So I came up with this mockup of the Mission Select screen, which would indicate the player's overall progress in this Chapter.  They can select Missions from the 3 provided, each with a different Mission Type and Victory Points value.  Click on to see the details on the right hand info box.

I decided I needed a more detailed example Scenario Story example to actually think through what my needs were for how to actually tell a story, but also support branching and a "storylets" approach.  

I still needed to figure out how Chapters would work, and how I'd try to make it clear to the player what the overall story and trajectory was about, even when they just found themselves in the middle of it all!

I don't think I've actually figured these things out yet, in reality!  But this is all part of the process to getting there.

I find I need a good big bench space when working on these sorts of things!  Need to cross-reference and cross-correlate all my notes!

Trying to define the range of mission types I want to support.

Thinking about pacing of the chapters, how many missions are in each.

What would give a good feeling to an overall story arc?

What if mission objectives were more like "Bingo", where you have a range of objectives, and need to tick them all off, in any order?  

This is how Thief: The Dark Project works.  You can have numerous objectives, and tick them off as you get to them.  I like this format.  This led to more like what I've ended up with, down the track a way.

I realised I'd sort of lost track of my prior convictions and ideas, which was to have a more broad "Library of Missions".  A database of missions that can "come to the surface" as the player acts through the game.  

I realised that my current design thinking was perhaps a bit too rail-roaded, a bit too specific and kind of fragmented.  Not open enough.  Not general enough.

I realised I actually needed to get simpler and more atomic, in order to make it more versatile and more powerful.

I also took a beat to think about the player, and their ultimate perspectives.  

Why are they buying the game?  What do they want to get out of it?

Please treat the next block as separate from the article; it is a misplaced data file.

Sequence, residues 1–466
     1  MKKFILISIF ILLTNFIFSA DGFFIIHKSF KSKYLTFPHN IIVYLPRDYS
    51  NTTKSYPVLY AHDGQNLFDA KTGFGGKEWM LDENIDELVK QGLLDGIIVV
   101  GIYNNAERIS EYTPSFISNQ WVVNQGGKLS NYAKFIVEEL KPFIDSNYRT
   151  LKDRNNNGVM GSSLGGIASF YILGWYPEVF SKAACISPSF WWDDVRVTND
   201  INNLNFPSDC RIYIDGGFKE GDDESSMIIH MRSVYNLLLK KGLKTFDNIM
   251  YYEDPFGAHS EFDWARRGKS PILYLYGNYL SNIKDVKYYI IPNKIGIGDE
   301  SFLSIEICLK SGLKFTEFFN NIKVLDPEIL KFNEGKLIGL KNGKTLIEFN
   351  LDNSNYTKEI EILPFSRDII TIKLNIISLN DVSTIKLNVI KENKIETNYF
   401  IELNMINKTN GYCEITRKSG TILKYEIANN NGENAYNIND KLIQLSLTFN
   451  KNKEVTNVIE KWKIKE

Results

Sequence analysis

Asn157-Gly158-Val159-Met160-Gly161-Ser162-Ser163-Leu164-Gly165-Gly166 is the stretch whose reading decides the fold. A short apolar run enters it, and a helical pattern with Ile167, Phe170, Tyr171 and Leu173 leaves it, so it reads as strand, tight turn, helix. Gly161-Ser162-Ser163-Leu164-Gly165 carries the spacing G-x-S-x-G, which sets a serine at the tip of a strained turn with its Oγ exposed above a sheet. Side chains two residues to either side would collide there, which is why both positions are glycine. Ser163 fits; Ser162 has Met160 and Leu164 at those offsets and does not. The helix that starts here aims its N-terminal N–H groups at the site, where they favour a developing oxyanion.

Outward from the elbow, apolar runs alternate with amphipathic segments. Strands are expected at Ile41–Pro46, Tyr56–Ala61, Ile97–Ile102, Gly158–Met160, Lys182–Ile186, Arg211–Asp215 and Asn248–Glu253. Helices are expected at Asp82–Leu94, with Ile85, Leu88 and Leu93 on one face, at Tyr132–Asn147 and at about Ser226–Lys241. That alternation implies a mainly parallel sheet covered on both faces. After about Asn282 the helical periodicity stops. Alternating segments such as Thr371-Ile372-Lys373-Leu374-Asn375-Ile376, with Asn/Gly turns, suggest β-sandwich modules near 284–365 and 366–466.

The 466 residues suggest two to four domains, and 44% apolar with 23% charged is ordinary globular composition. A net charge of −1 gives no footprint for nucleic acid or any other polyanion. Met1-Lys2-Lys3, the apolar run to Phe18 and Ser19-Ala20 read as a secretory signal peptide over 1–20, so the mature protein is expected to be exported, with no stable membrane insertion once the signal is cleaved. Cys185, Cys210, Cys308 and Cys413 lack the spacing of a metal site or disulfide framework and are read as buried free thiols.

What are their criteria for happiness and satisfaction with the game, and with the story and the missions?

What is their experience of getting the game, and going through the main scenario, and also perhaps delving into user made content, or even making some themselves?

What kind of value do I need to provide?

Thinking about what makes up a cool campaign.  

What would I expect from the main campaign if I was the player of this game?

I started thinking about how it all needed to fit together, in terms of how the screens appear to the player.  There would be mission select, and little intros and outros (of text) at times, and playing the missions themselves. 

This was all really part of "boiling down" the idea to its simplest component parts.

I was thinking about "Groups" or "Chapters" or little chunks of missions.  Here, I think I was still stuck in an earlier idea of how to have missions trigger other missions, and I was thinking about it in a fairly fixed way, creating structures and ideas that would serve my needs, but actually in a way that was overly complex and finicky.

I later boiled this down to a more generalised system of having variables and tags, and checks and changes, that could be applied to achieve the same things, but in a much more open and general-purpose way.

At this point, I had tens of pages of notes, and multitudes of ideas bouncing around.

I made a reference board of some of the key stuff that I kept finding myself wanting to reference.

I kept wanting to know:  What are the mission types I want to support?  What are the factions I have models for?  What is my example story arc?  How would the objectives system look in a mission?